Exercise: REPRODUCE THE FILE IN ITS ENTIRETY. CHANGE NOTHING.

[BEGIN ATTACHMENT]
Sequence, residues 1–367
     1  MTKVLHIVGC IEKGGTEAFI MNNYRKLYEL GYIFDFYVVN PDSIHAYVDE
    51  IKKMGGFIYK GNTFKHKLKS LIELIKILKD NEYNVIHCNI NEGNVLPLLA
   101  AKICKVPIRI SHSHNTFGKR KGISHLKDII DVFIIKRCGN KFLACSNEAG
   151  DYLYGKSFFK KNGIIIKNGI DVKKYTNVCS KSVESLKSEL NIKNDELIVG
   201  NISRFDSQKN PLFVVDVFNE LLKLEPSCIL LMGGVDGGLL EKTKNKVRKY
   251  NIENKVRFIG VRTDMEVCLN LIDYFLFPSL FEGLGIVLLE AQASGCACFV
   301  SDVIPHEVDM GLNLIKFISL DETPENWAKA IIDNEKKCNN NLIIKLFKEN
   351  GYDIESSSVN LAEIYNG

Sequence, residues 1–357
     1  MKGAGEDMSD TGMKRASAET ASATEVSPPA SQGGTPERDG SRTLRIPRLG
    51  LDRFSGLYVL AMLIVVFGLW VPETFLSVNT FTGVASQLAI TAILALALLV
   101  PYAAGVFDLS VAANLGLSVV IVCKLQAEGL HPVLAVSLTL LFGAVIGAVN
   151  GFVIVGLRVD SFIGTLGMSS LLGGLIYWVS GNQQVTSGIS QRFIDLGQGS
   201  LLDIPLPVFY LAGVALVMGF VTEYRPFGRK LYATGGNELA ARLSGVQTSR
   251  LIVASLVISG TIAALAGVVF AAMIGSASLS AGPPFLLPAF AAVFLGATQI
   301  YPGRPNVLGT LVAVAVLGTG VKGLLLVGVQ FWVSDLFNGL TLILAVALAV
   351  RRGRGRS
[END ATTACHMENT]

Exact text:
Sequence, residues 1–367
     1  MTKVLHIVGC IEKGGTEAFI MNNYRKLYEL GYIFDFYVVN PDSIHAYVDE
    51  IKKMGGFIYK GNTFKHKLKS LIELIKILKD NEYNVIHCNI NEGNVLPLLA
   101  AKICKVPIRI SHSHNTFGKR KGISHLKDII DVFIIKRCGN KFLACSNEAG
   151  DYLYGKSFFK KNGIIIKNGI DVKKYTNVCS KSVESLKSEL NIKNDELIVG
   201  NISRFDSQKN PLFVVDVFNE LLKLEPSCIL LMGGVDGGLL EKTKNKVRKY
   251  NIENKVRFIG VRTDMEVCLN LIDYFLFPSL FEGLGIVLLE AQASGCACFV
   301  SDVIPHEVDM GLNLIKFISL DETPENWAKA IIDNEKKCNN NLIIKLFKEN
   351  GYDIESSSVN LAEIYNG

Sequence, residues 1–357
     1  MKGAGEDMSD TGMKRASAET ASATEVSPPA SQGGTPERDG SRTLRIPRLG
    51  LDRFSGLYVL AMLIVVFGLW VPETFLSVNT FTGVASQLAI TAILALALLV
   101  PYAAGVFDLS VAANLGLSVV IVCKLQAEGL HPVLAVSLTL LFGAVIGAVN
   151  GFVIVGLRVD SFIGTLGMSS LLGGLIYWVS GNQQVTSGIS QRFIDLGQGS
   201  LLDIPLPVFY LAGVALVMGF VTEYRPFGRK LYATGGNELA ARLSGVQTSR
   251  LIVASLVISG TIAALAGVVF AAMIGSASLS AGPPFLLPAF AAVFLGATQI
   301  YPGRPNVLGT LVAVAVLGTG VKGLLLVGVQ FWVSDLFNGL TLILAVALAV
   351  RRGRGRS